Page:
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Darden analysis: Why guest traffic varies between restaurant brands

Xun Yao Chen

Strategic analysis: Should Darden spin off its brands? (Part 14 of 25)

(Continued from Part 13)

Guest traffic varies significantly

While we saw a rather similar revenue per square foot across most casual dining brands, customer traffic varies more significantly across major brands. We estimated customer or guest traffic by taking the average revenue or sales per square foot and dividing it by the average check per guest. This essentially gives us the guests per square foot.

Casual Dining Guest Traffic

By understanding the mix of average check per guest and guest traffic, investors and managers can get a better sense of whether Olive Garden, Red Lobster, and LongHorn Steakhouse should take the premium or lower check approach.

Olive Garden: Lower average check, higher traffic

Bravo Cucina Italiana and Brio Tuscan Grille, held under Bravo Brio Restaurant Group Inc. (BBRG), are upscale restaurants with higher alcohol sales. So either traffic is slower or there are just fewer people. Carrabba’s Italian Grill, owned by Bloomin’ Brands (BLMN), isn’t described as an upscale restaurant, but the average check per guest reaches $21 per guest—above Olive Garden’s $16.50 per guest. Naturally, Olive Garden is turning guests per square foot a year at a higher rate of 34.62.

Red Lobster’s guest traffic is in the middle

The average check per guest at Red Lobster is $20.30, so it’s normal to see guest traffic at Red Lobster less than Olive Garden. However, Red Lobster’s guest traffic count doesn’t heavily lean towards higher check and lower volume or low check and higher volume. That means we must consider other factors that would play important roles.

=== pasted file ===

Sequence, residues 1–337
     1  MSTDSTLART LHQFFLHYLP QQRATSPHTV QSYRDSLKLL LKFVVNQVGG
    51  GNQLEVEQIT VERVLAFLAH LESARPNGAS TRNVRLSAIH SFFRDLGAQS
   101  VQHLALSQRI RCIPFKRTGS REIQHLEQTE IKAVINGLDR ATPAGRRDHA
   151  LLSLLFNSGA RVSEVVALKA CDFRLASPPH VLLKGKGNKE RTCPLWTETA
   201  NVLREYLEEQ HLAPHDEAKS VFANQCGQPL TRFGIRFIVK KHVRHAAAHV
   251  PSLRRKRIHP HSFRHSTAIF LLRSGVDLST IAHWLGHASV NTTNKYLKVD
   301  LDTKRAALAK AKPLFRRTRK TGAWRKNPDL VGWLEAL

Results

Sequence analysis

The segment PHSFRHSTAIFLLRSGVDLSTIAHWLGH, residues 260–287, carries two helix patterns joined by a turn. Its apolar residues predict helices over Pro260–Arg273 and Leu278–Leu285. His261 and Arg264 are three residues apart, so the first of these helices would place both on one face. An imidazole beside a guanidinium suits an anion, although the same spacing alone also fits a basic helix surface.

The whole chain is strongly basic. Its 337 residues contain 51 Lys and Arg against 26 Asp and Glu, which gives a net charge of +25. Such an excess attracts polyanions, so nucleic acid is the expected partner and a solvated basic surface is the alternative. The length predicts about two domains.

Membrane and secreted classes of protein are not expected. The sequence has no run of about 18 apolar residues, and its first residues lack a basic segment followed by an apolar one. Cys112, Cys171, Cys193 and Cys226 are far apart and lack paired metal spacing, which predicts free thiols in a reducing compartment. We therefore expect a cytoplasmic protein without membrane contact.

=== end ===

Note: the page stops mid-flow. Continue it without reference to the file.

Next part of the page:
Longhorn Steakhouse: Higher-price strategy

Although Longhorn Steakhouse isn’t as expensive as Darden’s prime steakhouse, the Capital Grille brand, its guest traffic count is closer to the more expensive brands like Carrabba, Outback Steakhouse, Bonefish Grill, and Bravo Brio, as opposed to Texas Roadhouse, which generates lower average check per guest and much higher guest traffic. As we discussed in a previous article, though, LongHorn Steakhouse could use more traffic or a better price-to-value mix.

Upper menu prices aren’t impossible, but Red Lobster is too big

Converting Red Lobster into a premium brand isn’t impossible, as Darden does manage a group of specialty brands that pulls in average checks above $23 per guest. But how much does Darden have to raise the standard of its services and goods, as well as average guest check? Brands like Carrabba Italiana Grill, Bravo Cucina Italiana, Bonefish, and Brio Tuscan Grille are all priced near Red Lobster or above, but they haven’t been performing as well. What chance of success is there?

Besides, Red Lobster is one of the largest chains in the United States (although Chili’s and Olive Garden are larger). There probably isn’t enough market if all those restaurants are redesigned towards higher average check per guest. As several credit rating firms recently dropped Darden’s rating, the lower cash flow used to renovate Red Lobster could lead investors to sell off the stock. It’s a risky move. So it leaves us with the option for Darden to move towards a lower average check per guest business model.

Continue to Part 15

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